Calories:  190Calories:  190
Protein:  14g (25% daily value)Protein:  9g (17% daily value)
Carbohydrate: 30gCarbohydrate: 28g
 Sugars: 26gSugars:  19g
Total Fat:       3gTotal Fat:       5g
Calcium:        40% daily valueCalcium:        25% daily value


Mu-Opioid Receptors and Dietary Protein Stimulate a Gut-Brain Neural Circuitry Limiting Food Intake. Duraffourd, et al. Cell, July 5, 2012.

“Calcium: Drink Yourself Skinny” Michael Zemel, PhD, director of The Nutrition Institute at the University of Tennessee at Knoxville

U.S. Department of Agriculture and U.S. Department of Health and Human Services. Dietary Guidelines for Americans, 2010. 7th Edition, Washington, DC: U.S. Government Printing Office, December 2010

Indiana University, “Living Well,” October 2009;

“Chocolate Milk Refuels Muscles After Workout: Study Shows Carbohydrates and Protein in Chocolate Milk Help Muscles Recover From Exercise”

Consumer Reports, June 15, 2009;,  “Milk —as good as sports drinks for athletes?”


The Whole Milk Debate

Thinking about drinking more whole milk?  Recent studies suggest that whole milk contains many nutritional benefits for your body that are not always offered by milk with lower fat content. Consider these recent research findings that suggest whole milk is a healthy choice for you and your family.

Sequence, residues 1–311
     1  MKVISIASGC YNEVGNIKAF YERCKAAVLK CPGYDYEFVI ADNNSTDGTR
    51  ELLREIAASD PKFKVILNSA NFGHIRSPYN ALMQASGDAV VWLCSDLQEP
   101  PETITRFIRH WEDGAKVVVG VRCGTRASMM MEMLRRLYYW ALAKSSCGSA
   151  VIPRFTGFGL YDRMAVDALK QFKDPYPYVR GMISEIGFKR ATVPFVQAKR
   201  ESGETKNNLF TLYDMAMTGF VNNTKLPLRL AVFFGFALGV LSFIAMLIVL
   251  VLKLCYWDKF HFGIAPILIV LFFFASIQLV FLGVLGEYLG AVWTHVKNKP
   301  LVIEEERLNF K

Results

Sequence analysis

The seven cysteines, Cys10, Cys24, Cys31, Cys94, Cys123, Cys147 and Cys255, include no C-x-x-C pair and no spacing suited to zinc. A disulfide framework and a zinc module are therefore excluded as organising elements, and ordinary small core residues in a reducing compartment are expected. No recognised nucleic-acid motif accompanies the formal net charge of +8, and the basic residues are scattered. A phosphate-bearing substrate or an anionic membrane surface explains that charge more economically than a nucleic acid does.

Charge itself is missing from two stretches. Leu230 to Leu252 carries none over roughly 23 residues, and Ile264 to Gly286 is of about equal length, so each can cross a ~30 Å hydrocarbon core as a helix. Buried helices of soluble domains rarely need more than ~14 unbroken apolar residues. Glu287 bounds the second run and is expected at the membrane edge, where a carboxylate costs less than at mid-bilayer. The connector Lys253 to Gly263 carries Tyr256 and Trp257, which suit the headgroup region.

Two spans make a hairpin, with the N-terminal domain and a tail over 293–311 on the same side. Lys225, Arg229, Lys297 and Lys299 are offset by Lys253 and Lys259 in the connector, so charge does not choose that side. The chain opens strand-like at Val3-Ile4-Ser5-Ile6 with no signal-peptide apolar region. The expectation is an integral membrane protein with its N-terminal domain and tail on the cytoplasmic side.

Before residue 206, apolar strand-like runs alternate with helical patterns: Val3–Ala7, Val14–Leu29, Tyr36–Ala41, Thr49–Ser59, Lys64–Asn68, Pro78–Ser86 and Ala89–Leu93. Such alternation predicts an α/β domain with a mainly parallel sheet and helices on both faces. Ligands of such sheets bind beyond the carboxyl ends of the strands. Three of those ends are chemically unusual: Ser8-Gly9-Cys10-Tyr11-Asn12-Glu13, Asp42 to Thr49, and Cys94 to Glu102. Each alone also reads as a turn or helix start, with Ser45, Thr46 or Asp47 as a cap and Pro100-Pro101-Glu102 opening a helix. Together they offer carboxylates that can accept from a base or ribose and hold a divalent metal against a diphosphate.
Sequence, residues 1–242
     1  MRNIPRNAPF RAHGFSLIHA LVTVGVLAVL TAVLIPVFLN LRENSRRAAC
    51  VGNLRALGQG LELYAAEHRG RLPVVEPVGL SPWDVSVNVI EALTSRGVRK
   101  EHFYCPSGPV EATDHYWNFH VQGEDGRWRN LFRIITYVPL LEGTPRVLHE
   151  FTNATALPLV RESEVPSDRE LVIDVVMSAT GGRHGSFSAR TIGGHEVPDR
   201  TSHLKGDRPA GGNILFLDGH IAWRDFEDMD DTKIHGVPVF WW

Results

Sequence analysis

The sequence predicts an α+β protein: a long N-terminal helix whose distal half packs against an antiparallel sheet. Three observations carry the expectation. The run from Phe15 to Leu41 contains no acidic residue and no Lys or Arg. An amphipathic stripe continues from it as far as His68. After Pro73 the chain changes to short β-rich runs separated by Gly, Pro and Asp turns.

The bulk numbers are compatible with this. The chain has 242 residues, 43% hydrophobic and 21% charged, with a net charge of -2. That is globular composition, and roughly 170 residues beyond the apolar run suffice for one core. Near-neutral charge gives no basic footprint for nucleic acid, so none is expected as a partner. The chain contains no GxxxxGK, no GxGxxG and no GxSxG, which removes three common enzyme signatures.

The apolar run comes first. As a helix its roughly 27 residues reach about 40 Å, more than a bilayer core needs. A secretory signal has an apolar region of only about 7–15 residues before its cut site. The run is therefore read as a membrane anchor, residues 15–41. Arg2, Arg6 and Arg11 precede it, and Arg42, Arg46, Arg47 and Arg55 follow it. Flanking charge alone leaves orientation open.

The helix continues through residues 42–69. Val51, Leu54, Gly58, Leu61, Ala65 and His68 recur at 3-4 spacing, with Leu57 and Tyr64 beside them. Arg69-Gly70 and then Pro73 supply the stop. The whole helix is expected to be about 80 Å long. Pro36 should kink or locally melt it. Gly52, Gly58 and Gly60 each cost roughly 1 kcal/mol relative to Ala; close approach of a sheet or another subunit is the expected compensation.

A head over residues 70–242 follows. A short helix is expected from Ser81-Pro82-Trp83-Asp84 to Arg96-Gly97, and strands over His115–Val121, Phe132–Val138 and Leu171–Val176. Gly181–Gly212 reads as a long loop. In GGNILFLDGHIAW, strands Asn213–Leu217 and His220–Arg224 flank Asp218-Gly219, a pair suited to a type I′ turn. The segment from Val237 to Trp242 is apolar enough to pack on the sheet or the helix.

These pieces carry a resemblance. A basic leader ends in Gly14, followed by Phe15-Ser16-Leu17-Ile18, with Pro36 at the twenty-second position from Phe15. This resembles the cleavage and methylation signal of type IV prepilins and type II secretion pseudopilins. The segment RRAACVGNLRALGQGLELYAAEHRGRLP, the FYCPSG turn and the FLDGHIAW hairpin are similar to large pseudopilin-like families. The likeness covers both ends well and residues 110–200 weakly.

The fat in whole milk supports a healthy brain for all ages. Research studies indicate that Docosahexaenoic acid (DHA), a fat found in whole milk, is essential to brain growth in children and in the function of adult brains. DHA is a polyunsaturated omega-3 fatty acid found throughout the brain as well as in the retina and heart. A recent study found that adults suffering from mild memory loss benefitted from improved memory when taking a supplement of 900mg of DHA. Another study found that 600mg of DHA added to the diets of school aged children improved reading scores after 16 weeks. [i]

Children who drink low fat milk are more likely to suffer from childhood obesity than whole milk drinkers.  Research findings from a recent study conducted by the University of Virginia School of Medicine found a correlation between low fat milk consumption (as opposed to whole milk) and increased incidence of childhood obesity in preschool aged children. According to the study, researchers suggest that one reason for this correlation may be due to whole milk’s ability to keep you fuller longer, thus reducing hunger and food consumption.[ii]

Whole milk is associated with lower blood pressure and a lowered risk of type 2 diabetes. Findings from a study published in the American Journal of Nutrition suggests that people whose bodies contain high amounts of  trans-palmitoleic acid, or the “good fat” found in whole milk, may have less incidence of developing potentially life threatening medical conditions. Researchers concluded that “trans-palmitoleate is associated with higher LDL cholesterol but also with lower triglycerides, fasting insulin, blood pressure, and incident diabetes.” [iii]